Friday, November 19, 2010
I cannot think of the Thanksgiving holiday without remembering a dear friend from my childhood years. Though I have met so many wonderful people in my lifetime and though many of them have touched my life, none have left the marks upon my heart like Laura Shrout. As children, my brothers and I frequently called her "Laurie". What a delightful woman she was.
Laurie was a large woman with big, beautiful blue eyes. The sound of her laughter would always make us children laugh, even if we didn't know what we were laughing about. She had the most gentle touch and was always telling us how much she loved us. I loved to snuggle up to her and smell her perfume. I don't remember the scent she wore, but she always smelled so divine. It was a pleasure to be in her company.
Laurie didn't have any children of her own. As Mother began to travel with Daddy on his ministerial journeys, Laurie would come and stay with us. She was a true Nanny. Her husband, Tom, would come by each evening and read to us or watch television. We felt safe so safe with Tom and Laurie.
Laurie was among the first of my Daddy's congregants. When he assumed the leadership of our church, Tom and Laurie were there from the beginning. Their faithfulness to the House of God, and their loyalty to my Daddy's leadership, endeared them to our entire family. I recall many times seeing Laurie wipe away the tears as my Daddy preached. She had such a tender heart.
It was the custom of our church to precede the Wednesday night Bible study with a few testimonies from the congregation. I loved to hear various members of our assembly share what God had done for them. Many stories of faith and hope, believing and trusting, fell upon my childish ears. My faith was developed and anchored by the visible proof of God's ability to meet all our needs as I saw it for myself in the lives of these humble people.
Laurie's testimony was the one I loved the most. This gentle, loving woman would come to her feet, place her hands on the pew in front of her and speak the words, "Truly, I'm thanking God for all He has done for me.". Every testimony Laurie gave began with those wonderful words, "Truly, I'm thanking God.". It left its mark upon my childish heart. I knew from the tone of her voice, the softness with which she spoke, and the reverence of her words, that Laurie really knew the Lord. She spoke of Him like she would speak of a good friend, which, of course, they were.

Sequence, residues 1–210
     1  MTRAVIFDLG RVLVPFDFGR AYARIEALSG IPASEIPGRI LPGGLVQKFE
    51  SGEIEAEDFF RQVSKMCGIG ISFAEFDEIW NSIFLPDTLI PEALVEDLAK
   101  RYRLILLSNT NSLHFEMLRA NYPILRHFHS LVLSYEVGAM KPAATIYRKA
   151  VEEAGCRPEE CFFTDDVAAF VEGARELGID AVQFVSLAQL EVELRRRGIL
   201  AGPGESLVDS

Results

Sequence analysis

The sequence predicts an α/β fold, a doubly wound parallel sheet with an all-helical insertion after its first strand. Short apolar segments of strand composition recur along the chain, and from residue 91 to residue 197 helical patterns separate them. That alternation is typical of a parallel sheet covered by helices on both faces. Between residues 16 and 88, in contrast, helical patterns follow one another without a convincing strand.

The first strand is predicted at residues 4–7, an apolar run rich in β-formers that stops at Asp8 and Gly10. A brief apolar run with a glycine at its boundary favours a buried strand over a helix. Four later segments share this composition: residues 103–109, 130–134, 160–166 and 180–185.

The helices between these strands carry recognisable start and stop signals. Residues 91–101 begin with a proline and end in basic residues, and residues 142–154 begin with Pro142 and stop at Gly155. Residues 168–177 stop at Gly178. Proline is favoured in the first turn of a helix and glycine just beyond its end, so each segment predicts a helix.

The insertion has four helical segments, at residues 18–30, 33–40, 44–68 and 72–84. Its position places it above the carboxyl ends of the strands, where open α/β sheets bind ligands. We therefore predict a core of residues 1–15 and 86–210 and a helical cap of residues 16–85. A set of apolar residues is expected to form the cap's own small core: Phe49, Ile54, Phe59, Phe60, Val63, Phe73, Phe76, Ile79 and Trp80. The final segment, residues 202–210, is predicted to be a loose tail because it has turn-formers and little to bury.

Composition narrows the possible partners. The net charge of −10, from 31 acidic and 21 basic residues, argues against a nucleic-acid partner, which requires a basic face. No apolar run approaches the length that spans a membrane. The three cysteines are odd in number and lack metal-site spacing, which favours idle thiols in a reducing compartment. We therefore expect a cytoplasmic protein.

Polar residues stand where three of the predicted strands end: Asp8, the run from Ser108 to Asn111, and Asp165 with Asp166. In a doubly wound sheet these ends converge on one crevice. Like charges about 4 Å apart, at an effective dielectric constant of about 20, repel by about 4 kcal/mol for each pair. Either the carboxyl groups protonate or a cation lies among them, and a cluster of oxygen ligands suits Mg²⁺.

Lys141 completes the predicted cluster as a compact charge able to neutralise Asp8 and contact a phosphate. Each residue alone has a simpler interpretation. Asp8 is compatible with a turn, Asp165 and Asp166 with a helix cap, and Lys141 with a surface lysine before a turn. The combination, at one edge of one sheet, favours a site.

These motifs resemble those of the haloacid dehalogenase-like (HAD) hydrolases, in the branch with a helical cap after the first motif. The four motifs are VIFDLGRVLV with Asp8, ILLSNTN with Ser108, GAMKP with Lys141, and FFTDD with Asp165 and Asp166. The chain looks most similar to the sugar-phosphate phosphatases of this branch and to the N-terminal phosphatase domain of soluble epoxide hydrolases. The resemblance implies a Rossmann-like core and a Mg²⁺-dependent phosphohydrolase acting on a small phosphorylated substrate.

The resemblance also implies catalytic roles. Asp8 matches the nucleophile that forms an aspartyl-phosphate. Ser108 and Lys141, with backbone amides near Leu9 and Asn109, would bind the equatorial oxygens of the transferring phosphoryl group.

Truly---the word refers to something that is real and genuine. That was Laurie's relationship with God. It was real. It was right. It was genuine. She left her mark upon the lives of myself and my three oldest brothers. My youngest brother, Dwight, never knew Laurie. She died before he was born. Still, her life was not in vain. Her smile, her love of life, her gentleness, and her goodness, are all remembered by my family and I.
So, when the season comes 'round and the time of giving thanks is here, I think of Laurie. I think of a woman who had very little in material goods. I think of a woman who enjoyed the company of friends and family more than the things that money could buy. I remember warm hugs, pats on the head, hot chocolate, and bedtime stories. I recall fondly, a Godly woman who was not afraid to cry when her heart was touched. I think of her daily and I can say, "Truly I'm thanking God" for my childhood friend, Laurie. For all good things that have come down from the Father above, "Truly, I'm thanking God.".